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Mi-tsung

From Chinese Buddhist Encyclopedia
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Mi-tsung literally means "School of Secrets" is the Tantric school of Chinese Buddhism. The Tantric school is an extension of Mahayana and it believes that Buddhahood can be attained in the current life with intensive tantric training. The principle of Mi-tsung is similar to the Tibetan tantric schools with an exception that Mi-tsung believes the enlightenment can be achieved without sexoyogic practice.

This tradition was brought to China in the 8th century by three Indian masters of Tantra. They are :

Subhakarasimha (Chinese, Shan-wu-wei, 637-735): who came to the capital city of Tang Dynasty "Chan-Yan" in 716 A.D. and began to translate the Mahavairochana-sutra, the basic scripture of the school, into Chinese. This sutra contains the essential Tantric teachings. Because of his mystical power and profound teaching in this school, he was bestowed the title "teacher of the nation" by the emperor.

Vajrabodhi(Chinese, Chin-kang-chih, 663-723): who came to China in 720 A.D. and translated some important Tantric sutras with Amoghavajra and a Chinese monk I-Shin (673-727).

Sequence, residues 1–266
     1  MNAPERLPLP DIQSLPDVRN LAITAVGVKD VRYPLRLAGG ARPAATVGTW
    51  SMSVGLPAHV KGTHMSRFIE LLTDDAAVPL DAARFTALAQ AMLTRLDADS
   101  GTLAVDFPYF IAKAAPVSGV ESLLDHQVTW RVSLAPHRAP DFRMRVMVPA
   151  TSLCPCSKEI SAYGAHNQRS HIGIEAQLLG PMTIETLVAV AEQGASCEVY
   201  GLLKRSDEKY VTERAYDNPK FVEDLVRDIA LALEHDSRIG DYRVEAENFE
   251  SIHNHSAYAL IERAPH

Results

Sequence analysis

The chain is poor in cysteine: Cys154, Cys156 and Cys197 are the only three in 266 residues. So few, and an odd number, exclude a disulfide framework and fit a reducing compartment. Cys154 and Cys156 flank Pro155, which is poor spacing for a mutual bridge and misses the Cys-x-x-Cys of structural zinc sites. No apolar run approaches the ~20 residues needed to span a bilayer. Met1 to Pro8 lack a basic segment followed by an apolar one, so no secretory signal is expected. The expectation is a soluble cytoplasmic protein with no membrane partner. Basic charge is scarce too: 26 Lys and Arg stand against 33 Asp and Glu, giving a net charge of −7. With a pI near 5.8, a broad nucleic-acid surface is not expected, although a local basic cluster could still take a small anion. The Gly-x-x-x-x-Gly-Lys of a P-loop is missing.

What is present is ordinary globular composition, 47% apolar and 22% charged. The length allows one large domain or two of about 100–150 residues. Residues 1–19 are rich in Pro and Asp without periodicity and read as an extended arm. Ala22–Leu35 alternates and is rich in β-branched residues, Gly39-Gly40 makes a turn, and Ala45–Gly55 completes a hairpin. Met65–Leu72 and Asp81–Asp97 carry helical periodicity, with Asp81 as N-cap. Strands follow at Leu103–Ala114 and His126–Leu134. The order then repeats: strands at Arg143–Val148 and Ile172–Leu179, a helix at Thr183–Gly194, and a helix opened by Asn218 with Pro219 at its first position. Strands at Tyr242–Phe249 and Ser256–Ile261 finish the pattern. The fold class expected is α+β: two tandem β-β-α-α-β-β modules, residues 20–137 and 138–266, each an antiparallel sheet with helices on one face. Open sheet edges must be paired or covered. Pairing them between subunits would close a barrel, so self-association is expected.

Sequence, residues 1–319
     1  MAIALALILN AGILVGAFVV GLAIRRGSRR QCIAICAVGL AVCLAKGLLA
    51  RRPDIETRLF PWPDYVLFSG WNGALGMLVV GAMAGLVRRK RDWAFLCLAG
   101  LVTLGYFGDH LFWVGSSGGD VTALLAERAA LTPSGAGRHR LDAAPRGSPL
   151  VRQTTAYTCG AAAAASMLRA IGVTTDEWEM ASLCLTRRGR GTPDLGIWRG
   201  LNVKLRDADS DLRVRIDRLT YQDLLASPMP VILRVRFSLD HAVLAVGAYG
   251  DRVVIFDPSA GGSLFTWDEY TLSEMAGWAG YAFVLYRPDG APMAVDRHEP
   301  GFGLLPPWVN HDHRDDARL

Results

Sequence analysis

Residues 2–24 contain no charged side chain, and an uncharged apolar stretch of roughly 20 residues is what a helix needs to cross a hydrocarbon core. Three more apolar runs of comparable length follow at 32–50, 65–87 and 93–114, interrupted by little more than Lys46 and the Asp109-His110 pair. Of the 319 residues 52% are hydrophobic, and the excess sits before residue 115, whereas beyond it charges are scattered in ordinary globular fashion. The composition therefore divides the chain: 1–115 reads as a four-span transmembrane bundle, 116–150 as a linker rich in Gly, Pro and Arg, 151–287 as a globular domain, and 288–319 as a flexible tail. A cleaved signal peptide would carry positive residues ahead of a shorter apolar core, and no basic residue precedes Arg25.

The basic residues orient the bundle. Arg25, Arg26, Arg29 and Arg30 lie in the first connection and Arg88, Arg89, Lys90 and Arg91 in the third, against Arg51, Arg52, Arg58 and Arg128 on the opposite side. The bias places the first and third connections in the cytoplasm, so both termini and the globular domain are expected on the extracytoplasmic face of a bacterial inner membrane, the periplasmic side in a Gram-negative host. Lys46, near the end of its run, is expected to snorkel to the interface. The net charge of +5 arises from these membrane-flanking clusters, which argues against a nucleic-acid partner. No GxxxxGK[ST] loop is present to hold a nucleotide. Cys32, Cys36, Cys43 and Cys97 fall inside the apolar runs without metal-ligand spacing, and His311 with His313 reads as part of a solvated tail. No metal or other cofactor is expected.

Amoghavajra (Chinese, Pu-kung, 705-774): who transmitted the magical formulas (mantra, dharani) appertaining to his tantric followers. Who was the personal teacher of three emperors of Tan Dynasty.

The esoteric teachings of the Mi-tsung were transmitted only orally from master to disciple. "Secret" indicates that these practices should be done in private. This is why the school could not become widespread in China. The dependency of complex ritual instruments and sophisticated liturgies had limited the teaching to a small group of rich followers. It is not surprised that after the death of Amoghavajra this school quickly decreased in importance and eventually disappeared in China.

This tradition was brought to Japan in Tang Dynasty and is still an active school in Japan.

Source

www.manjushri.co